Inspiring Minds seeks to broaden awareness and impact of graduate student research, while enhancing transferable skills. Students were challenged to describe their research, scholarship or creative activity in 150 or fewer words to share with our community.



What If We Could Predict Language Abilities in Children?

The brain’s electrical response to sound can be captured as a waveform called an auditory evoked potential (AEP). Much like language development, this waveform matures as we age. A new index, called AEP-Age, has shown success in predicting “auditory brain age” of school-age children. Children are asked to sit silently for 5 minutes and listen to multiple short beeps, during which time their brain’s electrical response to sound (i.e., AEPs) is being recorded. AEP-Age is assigned by comparing one child’s waveform to the averaged waveform of different age-groups. It was recently discovered that AEP-Age can predict language skills in school-age children. The first three years of life are a particularly intense period of language development; therefore, I plan to examine this relationship in children 1-4 years old. We hope to determine whether AEP-Age could predict risk of atypical language development when (or even before) children are late to talk.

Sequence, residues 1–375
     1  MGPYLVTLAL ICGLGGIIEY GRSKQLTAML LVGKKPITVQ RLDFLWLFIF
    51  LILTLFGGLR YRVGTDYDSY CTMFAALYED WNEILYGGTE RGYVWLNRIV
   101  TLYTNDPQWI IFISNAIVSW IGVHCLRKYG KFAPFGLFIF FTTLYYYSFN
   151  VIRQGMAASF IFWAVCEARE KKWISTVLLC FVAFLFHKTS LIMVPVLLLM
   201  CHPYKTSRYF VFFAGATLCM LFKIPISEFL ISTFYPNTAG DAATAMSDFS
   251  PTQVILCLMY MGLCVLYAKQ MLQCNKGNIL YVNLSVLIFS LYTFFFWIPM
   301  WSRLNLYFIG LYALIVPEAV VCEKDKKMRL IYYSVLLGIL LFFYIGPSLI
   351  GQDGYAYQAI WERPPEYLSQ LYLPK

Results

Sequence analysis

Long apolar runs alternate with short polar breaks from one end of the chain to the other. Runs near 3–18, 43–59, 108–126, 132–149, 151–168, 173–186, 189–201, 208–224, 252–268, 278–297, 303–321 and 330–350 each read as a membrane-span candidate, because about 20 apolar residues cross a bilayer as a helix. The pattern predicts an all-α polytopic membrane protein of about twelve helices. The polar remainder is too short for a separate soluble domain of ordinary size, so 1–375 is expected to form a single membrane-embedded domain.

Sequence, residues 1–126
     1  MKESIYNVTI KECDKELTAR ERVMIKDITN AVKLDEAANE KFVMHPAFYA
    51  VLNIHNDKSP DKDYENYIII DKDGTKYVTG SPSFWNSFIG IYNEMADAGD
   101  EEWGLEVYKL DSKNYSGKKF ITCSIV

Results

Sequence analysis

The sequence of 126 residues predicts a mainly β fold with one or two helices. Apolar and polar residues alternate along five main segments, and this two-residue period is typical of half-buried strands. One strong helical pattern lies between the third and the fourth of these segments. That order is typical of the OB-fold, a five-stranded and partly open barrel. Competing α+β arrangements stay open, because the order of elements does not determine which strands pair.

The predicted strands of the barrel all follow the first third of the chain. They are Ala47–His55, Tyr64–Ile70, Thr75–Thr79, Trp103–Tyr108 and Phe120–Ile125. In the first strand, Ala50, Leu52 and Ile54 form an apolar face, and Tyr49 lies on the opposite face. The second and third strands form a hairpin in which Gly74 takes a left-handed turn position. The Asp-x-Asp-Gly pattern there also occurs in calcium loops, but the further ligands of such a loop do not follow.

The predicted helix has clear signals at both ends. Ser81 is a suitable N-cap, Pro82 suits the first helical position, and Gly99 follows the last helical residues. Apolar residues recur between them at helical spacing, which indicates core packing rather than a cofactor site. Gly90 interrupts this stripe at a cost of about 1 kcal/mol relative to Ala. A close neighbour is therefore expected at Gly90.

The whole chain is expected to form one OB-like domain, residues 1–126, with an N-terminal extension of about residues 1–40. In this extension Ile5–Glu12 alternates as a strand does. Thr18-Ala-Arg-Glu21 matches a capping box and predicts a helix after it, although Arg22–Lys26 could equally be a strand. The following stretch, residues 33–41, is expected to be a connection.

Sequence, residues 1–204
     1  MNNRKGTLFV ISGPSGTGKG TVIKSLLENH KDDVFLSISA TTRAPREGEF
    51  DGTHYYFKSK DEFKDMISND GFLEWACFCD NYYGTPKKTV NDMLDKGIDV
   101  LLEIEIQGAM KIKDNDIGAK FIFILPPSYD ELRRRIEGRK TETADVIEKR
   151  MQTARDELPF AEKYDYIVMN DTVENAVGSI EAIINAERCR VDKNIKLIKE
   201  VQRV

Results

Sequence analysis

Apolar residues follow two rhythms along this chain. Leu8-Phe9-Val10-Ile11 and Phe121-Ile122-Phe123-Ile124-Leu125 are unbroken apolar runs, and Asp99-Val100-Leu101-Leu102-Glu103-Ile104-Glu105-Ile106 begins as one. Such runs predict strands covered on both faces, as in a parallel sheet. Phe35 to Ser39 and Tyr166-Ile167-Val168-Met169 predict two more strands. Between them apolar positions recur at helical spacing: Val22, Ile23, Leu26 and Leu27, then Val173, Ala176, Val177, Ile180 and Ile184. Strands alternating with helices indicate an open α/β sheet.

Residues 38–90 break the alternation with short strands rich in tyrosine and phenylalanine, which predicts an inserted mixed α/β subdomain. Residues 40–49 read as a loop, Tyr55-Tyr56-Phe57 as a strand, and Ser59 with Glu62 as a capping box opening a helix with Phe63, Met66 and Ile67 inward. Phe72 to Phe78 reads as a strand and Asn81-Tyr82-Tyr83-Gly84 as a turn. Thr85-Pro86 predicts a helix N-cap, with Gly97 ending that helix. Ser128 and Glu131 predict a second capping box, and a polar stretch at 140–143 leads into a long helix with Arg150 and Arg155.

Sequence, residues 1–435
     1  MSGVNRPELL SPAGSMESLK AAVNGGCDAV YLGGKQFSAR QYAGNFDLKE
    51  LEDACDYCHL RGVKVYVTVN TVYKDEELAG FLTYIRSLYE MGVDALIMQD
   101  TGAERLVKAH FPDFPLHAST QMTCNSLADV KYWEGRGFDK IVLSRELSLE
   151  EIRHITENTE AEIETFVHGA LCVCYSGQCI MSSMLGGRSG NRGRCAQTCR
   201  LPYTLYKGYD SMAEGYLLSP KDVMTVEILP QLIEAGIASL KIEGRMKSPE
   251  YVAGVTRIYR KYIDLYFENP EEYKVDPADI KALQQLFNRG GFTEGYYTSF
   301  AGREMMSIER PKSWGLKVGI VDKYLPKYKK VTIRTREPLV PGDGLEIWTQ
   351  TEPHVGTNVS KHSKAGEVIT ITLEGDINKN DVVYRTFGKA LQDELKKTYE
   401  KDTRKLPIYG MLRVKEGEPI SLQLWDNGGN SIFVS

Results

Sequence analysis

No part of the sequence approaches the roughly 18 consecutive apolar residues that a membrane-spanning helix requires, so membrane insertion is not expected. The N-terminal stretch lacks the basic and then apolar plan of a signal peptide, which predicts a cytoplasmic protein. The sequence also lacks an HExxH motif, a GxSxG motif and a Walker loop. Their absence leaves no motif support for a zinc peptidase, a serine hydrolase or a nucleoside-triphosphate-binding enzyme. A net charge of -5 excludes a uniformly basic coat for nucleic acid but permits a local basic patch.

Alyssa Janes
PhD candidate, Health and Rehabilitation Sciences
Faculty of Health Sciences - Western University

Janis Cardy


Alyssa is completing her combined MCISc/PhD in Health and Rehabilitation Sciences (Speech and Language Science) supervised by Dr. Janis Cardy. She previously completed her HBSc in Life Sciences with a minor in Linguistics at McMaster University before attaining her MSc in Health and Rehabilitation Science at Western. For her doctoral thesis, Alyssa is using EEG to explore the relationship between neurological response to sound and language development in children aged 1-5 years.

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View Alyssa's work as it appears in the Inspiring Minds Digital Collection:

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